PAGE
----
The Greater Los Angeles chapter of the Society of Professional Journalists said Dec. 23 it will honor five local journalists, a First Amendment lawyer and the founder of a radio news website at its 40th annual awards banquet next spring.
The Distinguished Journalist honorees include longtime regional journalists practicing in print, radio, television and digital media. They are: Steve Loeper, West Coast entertainment editor at the Associated Press; Frank Suraci, city editor of The Daily Breeze; Frank Mottek, business news anchor at KNX; David Ono, co-anchor for ABC7 Eyewitness News; and Adrian Glick Kudler, senior editor of Curbed LA.
The Freedom of Information award will go to Theodore Boutrous, a partner in the law firm of Gibson, Dunn & Crutcher LLP.
The chapter will also recognize Don Barrett, who chronicled the personalities behind Los Angeles radio news for nearly 20 years on LARadio.com.
SPJ/LA presents the Distinguished Journalist awards to members of the profession who demonstrate good news judgment, a strong sense of ethics and a passion for getting the story right. Honorees are journalists who have achieved a record of career accomplishments. For nearly four decades, the chapter has recognized reporters, editors and photographers in print and broadcast journalism. Since 1997, the chapter has honored journalists in four categories: television, radio, newspapers with a circulation of less than 90,000, and newspapers with a circulation of 90,000 or more.
The Distinguished Work in New Media award, now simply the Distinguished Journalist award in the digital category, was created in 2008 and is given to a journalist who uses digital media’s unique characteristics and capabilities while striving to uphold traditional journalism’s highest standards of honesty, accuracy, responsibility and accountability.
The Freedom of Information award honors a non-journalist who has helped promote First Amendment issues. Previous winners have worked in the legal profession, academia, government and nonprofit organizations.
The awards banquet will be held in the spring of 2016, with the date and location to be announced at a later date.
SPJ is the nation’s largest and most broad-based journalism organization, dedicated to promoting high standards of ethical behavior and encouraging the free practice of journalism. Founded in 1909 as Sigma Delta Chi, SPJ works to inspire and educate the next generation of journalists and protects First Amendment guarantees of freedom of speech and press. The Los Angeles professional chapter marked its 75th anniversary in 2009.
Distinguished Journalist Award Winners
Print (circulation over 90,000) — A Southern California native and graduate of Valley State College (now Cal State Northridge), Steve Loeper began his journalism career on the assignment desk of KNXT Channel 2 in Los Angeles (now KCBS) in 1968, working in support of the “Big News,” a pioneer of the hour-long local news format. The Manson murders and Sylmar earthquake were among his biggest stories while at Channel 2. In 1973, he joined the L.A. bureau of The Associated Press and has worked there in various capacities ever since, including general assignment reporter, broadcast editor, desk supervisor, news editor, administrative news editor and since 2009, West Coast entertainment editor.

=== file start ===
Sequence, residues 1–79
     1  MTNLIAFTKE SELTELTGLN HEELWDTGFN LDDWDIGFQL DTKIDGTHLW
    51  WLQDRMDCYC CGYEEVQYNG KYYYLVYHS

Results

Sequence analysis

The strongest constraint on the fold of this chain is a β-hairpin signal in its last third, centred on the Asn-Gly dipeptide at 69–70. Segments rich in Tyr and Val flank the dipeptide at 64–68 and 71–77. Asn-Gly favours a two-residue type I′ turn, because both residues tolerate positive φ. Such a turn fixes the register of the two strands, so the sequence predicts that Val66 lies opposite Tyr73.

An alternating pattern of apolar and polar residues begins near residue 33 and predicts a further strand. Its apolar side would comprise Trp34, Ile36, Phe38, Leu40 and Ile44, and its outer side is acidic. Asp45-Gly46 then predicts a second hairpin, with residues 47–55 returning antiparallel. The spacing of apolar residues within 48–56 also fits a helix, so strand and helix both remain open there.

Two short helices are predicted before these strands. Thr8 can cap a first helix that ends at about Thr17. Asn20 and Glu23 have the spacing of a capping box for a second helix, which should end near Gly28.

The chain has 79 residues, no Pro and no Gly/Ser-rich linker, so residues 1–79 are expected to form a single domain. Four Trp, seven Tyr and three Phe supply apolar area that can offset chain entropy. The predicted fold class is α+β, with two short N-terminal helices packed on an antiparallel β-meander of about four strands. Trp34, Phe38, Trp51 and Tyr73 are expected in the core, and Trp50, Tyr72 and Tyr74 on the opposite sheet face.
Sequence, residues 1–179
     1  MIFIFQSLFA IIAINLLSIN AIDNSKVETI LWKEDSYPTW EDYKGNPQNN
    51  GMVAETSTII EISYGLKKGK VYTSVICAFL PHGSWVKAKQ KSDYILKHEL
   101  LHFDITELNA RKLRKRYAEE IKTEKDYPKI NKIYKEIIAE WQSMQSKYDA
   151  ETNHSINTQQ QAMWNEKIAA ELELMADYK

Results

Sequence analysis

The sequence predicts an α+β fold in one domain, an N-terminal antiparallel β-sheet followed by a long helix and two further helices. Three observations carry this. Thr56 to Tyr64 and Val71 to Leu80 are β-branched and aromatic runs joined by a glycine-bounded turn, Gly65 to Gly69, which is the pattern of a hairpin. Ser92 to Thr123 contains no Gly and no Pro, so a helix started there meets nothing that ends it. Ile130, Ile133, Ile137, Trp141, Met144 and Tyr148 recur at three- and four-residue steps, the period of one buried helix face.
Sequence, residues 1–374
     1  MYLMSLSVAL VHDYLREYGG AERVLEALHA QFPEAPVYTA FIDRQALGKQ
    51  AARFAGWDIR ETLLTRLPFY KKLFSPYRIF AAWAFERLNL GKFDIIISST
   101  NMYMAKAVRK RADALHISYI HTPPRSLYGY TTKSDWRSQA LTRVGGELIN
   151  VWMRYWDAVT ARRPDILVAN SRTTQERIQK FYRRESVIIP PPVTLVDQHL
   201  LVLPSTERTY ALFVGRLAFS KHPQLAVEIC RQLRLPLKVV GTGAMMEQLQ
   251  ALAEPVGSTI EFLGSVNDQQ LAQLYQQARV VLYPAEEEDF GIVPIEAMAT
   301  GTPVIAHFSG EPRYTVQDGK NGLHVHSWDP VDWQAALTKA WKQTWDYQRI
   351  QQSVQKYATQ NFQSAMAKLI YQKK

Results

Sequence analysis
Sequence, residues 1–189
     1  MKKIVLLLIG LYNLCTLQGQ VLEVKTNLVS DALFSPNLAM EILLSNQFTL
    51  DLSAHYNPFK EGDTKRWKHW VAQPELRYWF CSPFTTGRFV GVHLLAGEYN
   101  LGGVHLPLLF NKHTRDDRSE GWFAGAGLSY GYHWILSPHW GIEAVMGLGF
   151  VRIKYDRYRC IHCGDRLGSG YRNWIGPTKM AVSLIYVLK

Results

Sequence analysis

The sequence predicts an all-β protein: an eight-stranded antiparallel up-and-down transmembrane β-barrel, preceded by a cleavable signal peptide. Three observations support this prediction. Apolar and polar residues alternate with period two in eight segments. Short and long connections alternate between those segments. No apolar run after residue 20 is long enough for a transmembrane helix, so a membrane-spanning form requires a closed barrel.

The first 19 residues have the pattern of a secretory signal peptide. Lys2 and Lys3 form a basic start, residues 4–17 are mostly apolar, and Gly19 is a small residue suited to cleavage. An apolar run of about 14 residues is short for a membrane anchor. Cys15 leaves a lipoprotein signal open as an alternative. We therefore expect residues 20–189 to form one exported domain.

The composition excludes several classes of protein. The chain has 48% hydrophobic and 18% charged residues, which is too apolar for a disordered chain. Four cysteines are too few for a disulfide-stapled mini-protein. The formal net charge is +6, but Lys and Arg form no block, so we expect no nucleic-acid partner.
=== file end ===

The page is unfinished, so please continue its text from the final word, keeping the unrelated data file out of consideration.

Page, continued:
During his more than four decades at AP’s L.A. office, and through numerous technological transitions, Loeper has coordinated coverage of some of the city’s biggest stories, including the 1984 Olympics, 1992 L.A. riots, Northridge earthquake, O.J. Simpson trial, 2000 Democratic National Convention, Michael Jackson saga, more than 35 Oscar shows and far too many studio junkets. He also led the bureau’s intern program for two decades and many of his recruits have gone on to successful careers both within the AP and elsewhere in journalism, which Loeper regards as one of the more rewarding elements of his career.
Print (circulation under 90,000) — Frank Suraci is the Pulitzer Prize-winning city editor of The Daily Breeze, where he has worked for more than 40 years. He has covered or overseen the paper’s coverage of several huge national stories — among them the years-long McMartin Preschool molestation case, passage of the ground-breaking Proposition 13, the O.J. Simpson murder case and a deadly plane crash at Los Angeles International Airport.
In 2015, the paper was awarded the Pulitzer Prize for local journalism for its investigation into corruption at an area school district, which prompted investigations by the District Attorney’s Office and the FBI that are ongoing. Suraci has also mentored scores of young reporters who now fill cubicles at The Los Angeles Times, Orange County Register, KNBC and many other newsrooms across the country.
Radio — Frank Mottek is the voice of business news in Los Angeles. An award-winning broadcast journalist with more than 30 years of experience, he currently anchors the morning drive business reports on CBS station KNX 1070 Newsradio and the “KNX Money Hour.” He provided daily coverage of the 2008 financial crisis, the Great Recession and stock market updates. Since joining CBS in Los Angeles in 1992, Mottek has served as reporter and anchor on KNX as well as business anchor on KCAL9-TV and spot reporter for KCBS-TV CBS2. For 10 years, he also worked as reporter and business news anchor on the KTLA Channel 5 News at 10 and the KTLA Morning News.